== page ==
On Richard Wright And Nate Parker

My grandfather and my uncle Moe grew up in Valley, Mississippi. They were 12 years younger than Richard Wright.. They were both interested in literature, were very aware of the oppression of the times, and hated the Author of Native Son with a fervor. Till this day my grandfather ( age 97) has a strong mind as to letting white people have power over his inner life; and the gist of Native Son-that racism is so bad that it reduces black men to powerless killers of women-boils his blood. His exact words are “Wright thought he was the only nigga on this planet to have a bad day”.

My Uncle Moe got his first creative spark from the love poets of the Harlem Renaissance, was the closest reader of African American literature I have ever known, and was VERY, VERY AWARE of Wright’s bullshit in regards to gender. For a long time I had his notes, and when he was angry he would write expansively over a work, sometimes in big letters over entire paragraphs. When he got to the part in Native Son where Bigger also kills his black girlfriend, cuts her up and puts her in the furnace, he wrote ” AND WHATS THE REASON FOR THIS???” Wright confessed quite leisurely in American Hunger that he raped black women as a rent collector, and one of the questions I would my uncle if he was still alive was if he knew.

 

The worst writing/thinking about Richard Wright has always been guided by a sort of social contract: in where Black and White men don’t buy into the myth of Richard Wright as much as the myth that brothers can’t do any better; that Black men don’t encounter the ugliness of racism and…, survive, struggle with the blues yet live and love under horrific circumstances( and also, care about the women in their lives.). My grandfather and uncle didn’t hate Wright as much as an America that-in making the writer a star-told them that they didn’t exist.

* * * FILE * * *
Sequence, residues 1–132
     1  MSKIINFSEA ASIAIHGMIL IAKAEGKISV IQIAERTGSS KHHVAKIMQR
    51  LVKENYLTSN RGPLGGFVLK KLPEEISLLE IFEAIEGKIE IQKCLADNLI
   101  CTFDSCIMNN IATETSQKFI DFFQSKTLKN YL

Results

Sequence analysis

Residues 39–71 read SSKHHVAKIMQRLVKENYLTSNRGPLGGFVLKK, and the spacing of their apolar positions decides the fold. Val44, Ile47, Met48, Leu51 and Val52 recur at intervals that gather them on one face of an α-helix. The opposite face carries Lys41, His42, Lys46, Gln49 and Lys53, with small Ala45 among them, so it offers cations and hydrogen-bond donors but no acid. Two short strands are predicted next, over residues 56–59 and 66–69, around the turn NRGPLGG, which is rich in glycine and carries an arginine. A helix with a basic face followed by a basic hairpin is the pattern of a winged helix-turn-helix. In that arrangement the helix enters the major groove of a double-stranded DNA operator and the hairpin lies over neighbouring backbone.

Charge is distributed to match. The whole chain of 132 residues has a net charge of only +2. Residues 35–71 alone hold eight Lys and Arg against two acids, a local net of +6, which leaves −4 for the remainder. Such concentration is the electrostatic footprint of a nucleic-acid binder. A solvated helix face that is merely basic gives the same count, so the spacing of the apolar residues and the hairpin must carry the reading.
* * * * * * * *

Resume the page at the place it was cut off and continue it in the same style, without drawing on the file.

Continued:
The most dispiriting aspect of Nate Parker becoming a MRA cause celeb is in how so many black men are tied to that social contract, and will most likely be for the duration of my lifetime. The horror of Parker’s story is that it reads like a Wright novel come to life. Angry black man and his friend have sex with a woman who was black out drunk. woman wakes up with violent bruises. woman presses charges and he and his social justice friend stalk and emotionally abuse her with racial and sexual slurs. woman drops charges on re-trial. Woman has a spiral to her own suicide, while Parker rise to become a star of a “woke” movie.

 

The details read like one of Wright’s frightening gory works, but very real. Worse, his de facto admissions of guilt in regards to consent, combined with the failure of his movie have made him a hero-victim with the soft core MRA crowd. They have also pushed the tolerance of woke cultural equivalency arguments . I’m a human and I have a lot of space in my heart in mind for discussions about privilege. But I am not on a fucking team; and when make cultural arguments that are the equivalent of “Why can’t black directors rape and face no criticism like white directors”, I shut down.

 

My uncle and grandfather weren’t “caping for white women”  by disliking Richard wright. They were exercising their right to be individual and idiosyncratic. They were defining the territory of their own humanity; their right to learn a new thing, open up to a new people, and love who ever wanted to love them. They spoke truth to power, but they took in this big ass world and never abandoned their search for beauty in any place in any corner. They weren’t perfect men, but were beautifully human, willing to grow and evolve, and felt outcast by a sizeable amount of men in society because of that.

One of the most haunting aspects of Nate Parker defenders is that they define the territory of their humanity by what white man has. Nate Parkers defenders show that so many black men don’t want freedom, they want stuff. To be more specific, they want all the privilege, all the power, all the kicks an unexamined life gives you in relation to oppression. Their conversations about supporting the black man no matter whatcould have been easily been had 65-70 years ago, when so many of us conflated America buying Wright’s murder pulp novel for something important. My Grandfather and Uncle knew that power wright was granted was less about black freedom and more about a white man’s golden crumbs. The most horrendous thing about the aftermath of our discussions of Nate Parker is that so many black men will chase those crumbs for the rest of my days, even at the expense of a true freedom that we will never see.

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